I just made a donation to the American Red Cross, but was wondering if there were other ways that I can help the victims of flooding.
We've collected a few ways after the jump. We're sure there are others -- so, if you know of way to help, please share it.
I recently heard about a program in Toronto called Not Far From The Tree. It seems like an awesome idea, and I was wondering if you guys had heard about anything like it here in the Albany area.
The first thing that came to our mind was the Capital District Community Gardens' Squash Hunger Program, which collects surplus produce. But we wouldn't be surprised if there are others.
Know of local program like this? Please share!
Some people write checks when they see desperation in the world. Others are able to lend a hand.
Cameron Varano is the latter.
In 2009 the 24-year-old Niskayuna resident helped create the Hens for Haiti project, an initiative to build a hen house in Gros-Morne, Haiti. The goal is to bring jobs, nutrition and hope to the community and they're making progress.
The hen house is being constructed and the chicks are supposed to arrive in the spring, but like many projects in developing nations, Hens for Haiti has encountered some speed bumps along the way.
Looking to help, Camilo emails:
With the upcoming season of holidays, I was wondering if you guys know of a good place to volunteer in, where I could spend a couple of hours a week. I am not affiliated with any church (neither am I interested in), but any place where I could feel like i'm being useful for the community would be cool. I checked online and I cant find anything really worth. Most of the volunteering positions I find around are more like office-assistant-of-the-church kinda work, but not really community oriented.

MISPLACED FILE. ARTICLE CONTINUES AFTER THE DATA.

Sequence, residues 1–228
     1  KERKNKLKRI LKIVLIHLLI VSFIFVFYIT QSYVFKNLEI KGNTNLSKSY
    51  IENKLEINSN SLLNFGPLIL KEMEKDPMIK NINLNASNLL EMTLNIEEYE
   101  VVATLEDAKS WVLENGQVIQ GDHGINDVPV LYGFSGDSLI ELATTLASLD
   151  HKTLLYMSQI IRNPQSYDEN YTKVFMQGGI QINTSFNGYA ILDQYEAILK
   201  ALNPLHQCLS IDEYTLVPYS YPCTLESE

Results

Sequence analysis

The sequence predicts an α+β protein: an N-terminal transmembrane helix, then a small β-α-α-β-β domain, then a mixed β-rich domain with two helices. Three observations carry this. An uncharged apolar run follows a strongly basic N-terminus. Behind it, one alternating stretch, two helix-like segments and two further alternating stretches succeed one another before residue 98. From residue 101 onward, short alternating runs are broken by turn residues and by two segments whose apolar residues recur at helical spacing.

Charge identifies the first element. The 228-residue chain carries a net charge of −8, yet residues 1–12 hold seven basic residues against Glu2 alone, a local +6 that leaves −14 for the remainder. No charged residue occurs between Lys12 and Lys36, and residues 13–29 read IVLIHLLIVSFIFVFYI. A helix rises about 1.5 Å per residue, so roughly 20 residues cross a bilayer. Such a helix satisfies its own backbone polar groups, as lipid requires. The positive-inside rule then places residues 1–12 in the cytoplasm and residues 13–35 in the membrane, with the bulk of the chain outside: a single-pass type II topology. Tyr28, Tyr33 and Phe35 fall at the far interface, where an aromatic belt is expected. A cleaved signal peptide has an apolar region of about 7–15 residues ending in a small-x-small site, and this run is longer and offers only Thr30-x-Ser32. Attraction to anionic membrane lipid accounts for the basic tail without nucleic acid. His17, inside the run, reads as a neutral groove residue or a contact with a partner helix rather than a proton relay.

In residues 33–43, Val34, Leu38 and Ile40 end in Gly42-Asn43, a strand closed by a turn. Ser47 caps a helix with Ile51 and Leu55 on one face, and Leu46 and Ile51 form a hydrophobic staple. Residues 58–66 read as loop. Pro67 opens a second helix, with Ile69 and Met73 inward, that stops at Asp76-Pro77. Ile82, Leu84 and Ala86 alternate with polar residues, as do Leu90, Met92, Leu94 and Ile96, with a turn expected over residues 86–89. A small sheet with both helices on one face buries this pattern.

There's also a site called VolunteerMatch that allows you to search for volunteer opportunities as if they were job listings. You just tell it the location and what you're interested in. Here are the results for "everything" within a 20 mile radius of 12203.
One more interesting option: The Stakeholders group is starting up a network to match non-profits with volunteers. It looks like they're currently taking applications for January matches.
Know of good place to volunteer? Please share!
photo: Flickr user Hamed Saber
After the seeing that Hannah's Hope Fund fell just short on a second Pepsi Refresh grant, we were curious about what other local groups are currently in the running for soda money.